The Common Teal or Teal (Anas crecca) is a common and widespread duck which breeds in the northernmost areas of Europe and Asia. It is the Old World counterpart of the North American Green-winged Teal (Anas carolinensis) with which it is sometimes considered conspecific.
This dabbling duck is strongly migratory and winters south to Africa and south Asia. It highly gregarious outside of the breeding season and will form large flocks. In flight, the fast, twisting flocks resemble waders’.
The Common Teal is considered to be the smallest dabbling duck. The breeding male has grey flanks and back, with a yellow rear end and a white-edged green speculum, obvious in flight or at rest. It has a chestnut head with a green eye patch. It is distinguished from drake Green-winged Teal by a horizontal, not vertical white flank stripe, and thin buff lines on its head.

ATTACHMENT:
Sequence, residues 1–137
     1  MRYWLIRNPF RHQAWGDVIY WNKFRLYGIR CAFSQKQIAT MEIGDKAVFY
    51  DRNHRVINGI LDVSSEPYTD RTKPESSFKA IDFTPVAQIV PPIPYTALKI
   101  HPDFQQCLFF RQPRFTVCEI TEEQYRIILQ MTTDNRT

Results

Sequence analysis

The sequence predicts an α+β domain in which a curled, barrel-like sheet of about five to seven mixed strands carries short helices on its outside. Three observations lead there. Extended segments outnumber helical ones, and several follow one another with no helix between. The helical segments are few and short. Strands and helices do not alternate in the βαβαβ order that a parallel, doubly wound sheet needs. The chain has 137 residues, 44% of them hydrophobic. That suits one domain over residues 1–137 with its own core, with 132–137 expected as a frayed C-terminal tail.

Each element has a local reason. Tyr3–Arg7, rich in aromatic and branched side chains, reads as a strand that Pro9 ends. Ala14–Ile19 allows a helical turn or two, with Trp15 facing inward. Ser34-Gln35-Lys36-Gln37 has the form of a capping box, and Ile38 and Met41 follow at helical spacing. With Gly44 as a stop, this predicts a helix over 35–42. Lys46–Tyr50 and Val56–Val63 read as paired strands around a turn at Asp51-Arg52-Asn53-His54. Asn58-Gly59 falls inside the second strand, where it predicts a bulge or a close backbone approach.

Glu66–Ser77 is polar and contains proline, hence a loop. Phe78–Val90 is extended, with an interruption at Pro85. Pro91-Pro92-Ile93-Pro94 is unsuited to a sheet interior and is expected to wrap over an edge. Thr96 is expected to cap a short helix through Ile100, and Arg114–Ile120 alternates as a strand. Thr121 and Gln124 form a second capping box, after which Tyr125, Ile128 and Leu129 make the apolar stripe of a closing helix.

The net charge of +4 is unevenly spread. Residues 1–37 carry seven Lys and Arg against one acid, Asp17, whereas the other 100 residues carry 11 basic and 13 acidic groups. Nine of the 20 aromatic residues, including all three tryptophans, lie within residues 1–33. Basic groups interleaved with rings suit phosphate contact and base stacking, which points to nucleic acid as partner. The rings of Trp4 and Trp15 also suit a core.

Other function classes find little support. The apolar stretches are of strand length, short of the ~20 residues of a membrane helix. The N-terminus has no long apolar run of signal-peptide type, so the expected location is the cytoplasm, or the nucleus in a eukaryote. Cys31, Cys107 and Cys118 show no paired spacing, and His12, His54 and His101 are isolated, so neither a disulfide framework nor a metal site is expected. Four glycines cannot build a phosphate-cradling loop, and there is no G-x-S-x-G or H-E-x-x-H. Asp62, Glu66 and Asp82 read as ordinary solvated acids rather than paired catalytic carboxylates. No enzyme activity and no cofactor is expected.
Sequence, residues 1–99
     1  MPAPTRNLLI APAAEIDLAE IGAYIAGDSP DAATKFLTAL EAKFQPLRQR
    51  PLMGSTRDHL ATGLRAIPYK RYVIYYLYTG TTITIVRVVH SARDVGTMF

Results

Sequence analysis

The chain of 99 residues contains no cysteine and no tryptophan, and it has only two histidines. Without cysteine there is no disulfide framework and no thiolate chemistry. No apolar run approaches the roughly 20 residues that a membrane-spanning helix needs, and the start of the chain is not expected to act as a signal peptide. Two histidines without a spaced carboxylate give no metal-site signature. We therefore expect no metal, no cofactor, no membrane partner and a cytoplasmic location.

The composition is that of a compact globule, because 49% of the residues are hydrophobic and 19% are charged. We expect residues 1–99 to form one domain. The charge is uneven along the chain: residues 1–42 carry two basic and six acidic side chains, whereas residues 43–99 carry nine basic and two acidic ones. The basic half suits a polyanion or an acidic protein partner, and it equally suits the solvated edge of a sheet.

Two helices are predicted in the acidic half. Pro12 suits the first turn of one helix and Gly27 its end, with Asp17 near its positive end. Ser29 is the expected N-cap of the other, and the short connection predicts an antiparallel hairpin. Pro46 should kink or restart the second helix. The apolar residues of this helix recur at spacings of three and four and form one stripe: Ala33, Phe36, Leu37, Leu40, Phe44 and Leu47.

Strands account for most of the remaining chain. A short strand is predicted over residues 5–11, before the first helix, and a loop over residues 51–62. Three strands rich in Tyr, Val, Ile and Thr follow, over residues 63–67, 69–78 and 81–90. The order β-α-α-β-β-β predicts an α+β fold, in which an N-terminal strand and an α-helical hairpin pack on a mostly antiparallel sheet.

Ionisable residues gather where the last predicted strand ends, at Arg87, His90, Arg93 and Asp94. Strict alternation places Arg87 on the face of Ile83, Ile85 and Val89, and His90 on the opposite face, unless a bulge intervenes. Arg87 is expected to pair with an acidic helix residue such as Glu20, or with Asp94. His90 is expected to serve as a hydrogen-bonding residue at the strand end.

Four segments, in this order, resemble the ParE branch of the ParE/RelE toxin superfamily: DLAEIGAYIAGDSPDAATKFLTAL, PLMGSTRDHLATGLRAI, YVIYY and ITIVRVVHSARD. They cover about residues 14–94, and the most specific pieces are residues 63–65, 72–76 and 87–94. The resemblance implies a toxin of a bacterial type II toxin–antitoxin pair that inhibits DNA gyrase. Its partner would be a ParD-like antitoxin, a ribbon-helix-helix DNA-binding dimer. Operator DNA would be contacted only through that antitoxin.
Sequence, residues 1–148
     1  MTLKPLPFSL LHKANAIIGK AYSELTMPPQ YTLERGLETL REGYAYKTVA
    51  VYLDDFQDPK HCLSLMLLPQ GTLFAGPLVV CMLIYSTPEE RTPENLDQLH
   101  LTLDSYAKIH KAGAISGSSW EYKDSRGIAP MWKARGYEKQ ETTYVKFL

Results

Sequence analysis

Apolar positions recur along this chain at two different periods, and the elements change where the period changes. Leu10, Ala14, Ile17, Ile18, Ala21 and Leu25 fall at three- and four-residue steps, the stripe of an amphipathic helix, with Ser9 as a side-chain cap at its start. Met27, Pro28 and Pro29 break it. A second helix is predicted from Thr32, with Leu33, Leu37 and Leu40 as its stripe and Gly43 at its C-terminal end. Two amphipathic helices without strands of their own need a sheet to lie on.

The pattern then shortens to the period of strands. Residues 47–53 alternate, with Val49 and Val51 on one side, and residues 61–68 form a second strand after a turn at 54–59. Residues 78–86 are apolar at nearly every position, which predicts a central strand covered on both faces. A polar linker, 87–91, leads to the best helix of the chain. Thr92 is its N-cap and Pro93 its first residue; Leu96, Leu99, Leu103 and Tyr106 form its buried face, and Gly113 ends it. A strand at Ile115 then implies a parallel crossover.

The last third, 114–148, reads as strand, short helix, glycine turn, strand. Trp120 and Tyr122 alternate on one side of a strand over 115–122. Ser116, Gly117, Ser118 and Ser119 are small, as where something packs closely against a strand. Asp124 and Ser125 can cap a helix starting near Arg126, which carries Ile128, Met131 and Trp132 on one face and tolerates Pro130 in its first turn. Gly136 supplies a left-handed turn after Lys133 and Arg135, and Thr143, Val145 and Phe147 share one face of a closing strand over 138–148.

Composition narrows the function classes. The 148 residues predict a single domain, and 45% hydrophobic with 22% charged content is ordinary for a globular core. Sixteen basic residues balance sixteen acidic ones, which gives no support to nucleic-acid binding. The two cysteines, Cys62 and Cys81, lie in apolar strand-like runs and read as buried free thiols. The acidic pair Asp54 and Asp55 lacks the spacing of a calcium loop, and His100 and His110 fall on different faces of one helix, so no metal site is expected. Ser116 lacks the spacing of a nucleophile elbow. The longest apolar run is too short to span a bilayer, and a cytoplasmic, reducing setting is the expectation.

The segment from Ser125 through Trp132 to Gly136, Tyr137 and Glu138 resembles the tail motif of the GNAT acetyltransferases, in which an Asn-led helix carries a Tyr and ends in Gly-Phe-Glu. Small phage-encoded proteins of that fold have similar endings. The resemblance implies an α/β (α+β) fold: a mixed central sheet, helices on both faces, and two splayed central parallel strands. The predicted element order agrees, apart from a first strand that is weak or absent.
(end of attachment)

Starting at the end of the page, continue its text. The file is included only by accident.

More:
The females are light brown, with plumage much like a female Mallard. They can be distinguished from most ducks on size and shape, and the speculum. Separation from female Green-winged Teal is problematic.
In non-breeding (eclipse) plumage, the drake looks more like the female.
It is a common inhabitant of sheltered wetlands with some taller vegetation, such as taiga bogs in the breeding season, and usually feeds by dabbling for plant food or grazing. It nests on the ground, near water and under cover.
This is a noisy species. The male has a clear whistle, whereas the female has a feeble “quack”.